Saturday, May 30, 2015

A Shortage of Gate Guards?

Don't look now; but summer is upon us. One of the things that that has traditionally meant; along with the heat, is a shortage of guards. Most winter Texans have headed North or are planning on leaving soon. One of the things I was looking for; after the fall of oil prices and over abundance of guards last winter, was whether we would see the traditional shortage of guards come summer. It appears that we indeed need guards to fill openings throughout South Texas! Now, if we could just stem the flow of candidates coming south around Labor day. While I believe it won't make a lot of people happy, oil seems to have leveled off at around $60 a barrel. Companies are adjusting, the glut has subsided and demand is rising. There are those that think $100 a barrel is in the realm of possibility. I disagree, but remain hopeful. It may do those that avoid the heat to reconsider and try summer gate guarding anyway. Use the money to hunker down in the winter where the weather is somewhat moderate.

Trying to Reason with Hurricane Season

Although it's a longshot, hurricanes can and do make it into the Gulf of Mexico and affect Texas cities and towns. While we haven't had a hurricane yet, we have had more than its equal in rain, hail and tornados. Jimmy Buffet wrote a song about how a lot of Floridians (and others) deal with it; hence the title of this posting. The only thing I might directly attribute to climate change is the wild swings and duration of some weather phenomenon. Even then, I feel a lot of what we are experiencing is cyclical in nature. I think it might do everyone more than a little good to look back over an extended period of time when trying to reconcile the weather we are currently experiencing. Droughts have come and gone, monsoons used to be a seasonal occurrence in the desert southwest and hurricanes come and go; both in severity and quantity. And that's just to mention a little of the wild things weather and mother nature can throw at us. Even now, the phenomenon known as El Nino is building in the Pacific and promises to wet the parched western United States. Why stricter water conservation measures haven't been imposed remains a mystery to me; but that's a different story. I vividly remember traveling through the south, not too long ago, and thinking the lakes and rivers might never recover from a multi year drought. Spring in the Midwest has traditionally meant rain and wild weather. Mother nature just hasn't seen fit to share that with Texas the last few years; especially south Texas. When that power greater than us all decides to turn on the tap, I'm not convinced it realizes the full power it can unleash. In it's effort to refill our reservoirs and right what's meteorologically wrong, it can sometimes sadly cause untold death and destruction. Fortunately, people are resilient, and they will prevail. I try to remember that as we prepare for another facet of the recent rains; the flooding that will come as water flows downstream and looks for a place to go. We are about a half mile as the crow flies from the nearest river and have been told to prepare to evacuate. We are not panicking and even using the opportunity to clean up and organize our "stuff". We have had guards forced to evacuate already, some reportedly having to abandon their RV's. So, in an abundance of caution (and to obey and pay heed to our exploration company's wishes) we have and are prepared to go. The latest weather predictions seem to bode well; so I don't think we'll be taking advantage of having a home on wheels.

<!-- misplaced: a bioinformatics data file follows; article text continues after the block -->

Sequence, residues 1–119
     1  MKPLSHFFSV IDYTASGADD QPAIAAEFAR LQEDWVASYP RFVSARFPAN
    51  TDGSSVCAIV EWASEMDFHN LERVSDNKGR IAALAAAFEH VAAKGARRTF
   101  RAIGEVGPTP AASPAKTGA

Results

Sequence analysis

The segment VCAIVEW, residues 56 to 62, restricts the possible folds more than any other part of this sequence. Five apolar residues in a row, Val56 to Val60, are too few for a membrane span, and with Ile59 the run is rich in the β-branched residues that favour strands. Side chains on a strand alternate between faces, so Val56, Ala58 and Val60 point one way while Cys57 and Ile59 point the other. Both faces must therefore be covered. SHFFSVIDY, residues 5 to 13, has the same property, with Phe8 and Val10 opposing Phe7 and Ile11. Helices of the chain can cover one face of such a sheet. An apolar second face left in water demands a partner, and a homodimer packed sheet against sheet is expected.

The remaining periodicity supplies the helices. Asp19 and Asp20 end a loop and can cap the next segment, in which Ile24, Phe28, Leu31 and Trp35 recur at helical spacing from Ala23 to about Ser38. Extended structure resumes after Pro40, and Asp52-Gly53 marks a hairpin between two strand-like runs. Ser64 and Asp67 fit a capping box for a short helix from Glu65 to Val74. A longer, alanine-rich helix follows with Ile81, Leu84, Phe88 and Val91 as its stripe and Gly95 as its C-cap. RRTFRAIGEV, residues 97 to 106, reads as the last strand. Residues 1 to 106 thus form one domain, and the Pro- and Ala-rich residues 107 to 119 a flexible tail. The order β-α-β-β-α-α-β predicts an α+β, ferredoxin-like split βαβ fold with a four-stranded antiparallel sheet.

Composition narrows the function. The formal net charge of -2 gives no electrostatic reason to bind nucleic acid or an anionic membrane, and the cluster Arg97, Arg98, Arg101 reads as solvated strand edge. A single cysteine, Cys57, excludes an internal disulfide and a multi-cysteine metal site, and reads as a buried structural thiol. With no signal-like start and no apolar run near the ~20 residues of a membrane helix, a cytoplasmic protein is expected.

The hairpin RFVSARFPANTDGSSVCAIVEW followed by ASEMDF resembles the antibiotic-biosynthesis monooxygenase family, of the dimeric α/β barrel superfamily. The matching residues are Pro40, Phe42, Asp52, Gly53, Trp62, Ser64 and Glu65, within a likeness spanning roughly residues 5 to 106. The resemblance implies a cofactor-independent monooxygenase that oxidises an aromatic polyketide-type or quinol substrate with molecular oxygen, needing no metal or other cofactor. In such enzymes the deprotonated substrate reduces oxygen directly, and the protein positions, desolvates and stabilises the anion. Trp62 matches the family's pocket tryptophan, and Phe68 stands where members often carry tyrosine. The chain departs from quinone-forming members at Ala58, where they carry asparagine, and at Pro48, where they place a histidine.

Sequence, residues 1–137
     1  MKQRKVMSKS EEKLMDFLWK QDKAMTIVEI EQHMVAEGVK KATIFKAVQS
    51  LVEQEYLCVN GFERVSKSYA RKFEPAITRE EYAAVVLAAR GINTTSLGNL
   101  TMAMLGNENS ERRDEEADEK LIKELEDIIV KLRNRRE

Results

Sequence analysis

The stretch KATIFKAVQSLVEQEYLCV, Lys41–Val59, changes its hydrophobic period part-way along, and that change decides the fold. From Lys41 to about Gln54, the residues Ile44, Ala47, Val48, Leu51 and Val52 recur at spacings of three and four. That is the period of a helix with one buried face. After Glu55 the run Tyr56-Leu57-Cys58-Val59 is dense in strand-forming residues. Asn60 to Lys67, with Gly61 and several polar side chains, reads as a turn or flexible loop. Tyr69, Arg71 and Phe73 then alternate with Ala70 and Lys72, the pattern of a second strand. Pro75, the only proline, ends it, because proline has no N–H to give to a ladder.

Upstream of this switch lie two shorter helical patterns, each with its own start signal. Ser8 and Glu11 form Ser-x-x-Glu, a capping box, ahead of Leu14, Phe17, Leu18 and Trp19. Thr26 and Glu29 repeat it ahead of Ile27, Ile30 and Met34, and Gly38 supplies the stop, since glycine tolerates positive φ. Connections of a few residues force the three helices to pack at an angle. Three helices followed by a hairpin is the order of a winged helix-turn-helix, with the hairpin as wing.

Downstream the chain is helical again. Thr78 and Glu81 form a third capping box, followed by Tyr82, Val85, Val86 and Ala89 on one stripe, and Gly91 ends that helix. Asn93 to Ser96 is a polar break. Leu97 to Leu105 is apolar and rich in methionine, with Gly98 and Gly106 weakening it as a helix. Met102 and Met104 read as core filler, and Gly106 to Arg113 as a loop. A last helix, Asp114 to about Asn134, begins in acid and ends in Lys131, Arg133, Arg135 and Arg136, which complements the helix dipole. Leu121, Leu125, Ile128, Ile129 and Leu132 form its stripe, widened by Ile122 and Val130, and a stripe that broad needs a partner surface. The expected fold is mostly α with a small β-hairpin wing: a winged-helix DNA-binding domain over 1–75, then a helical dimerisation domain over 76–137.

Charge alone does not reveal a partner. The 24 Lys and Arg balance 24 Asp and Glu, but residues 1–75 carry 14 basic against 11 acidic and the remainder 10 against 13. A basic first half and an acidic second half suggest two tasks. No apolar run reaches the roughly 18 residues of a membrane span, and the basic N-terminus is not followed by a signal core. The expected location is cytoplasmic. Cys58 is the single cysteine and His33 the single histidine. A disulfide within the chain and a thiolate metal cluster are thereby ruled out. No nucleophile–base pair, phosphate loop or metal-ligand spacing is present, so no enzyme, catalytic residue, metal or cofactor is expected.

Friday, May 15, 2015

Resigned to our Fate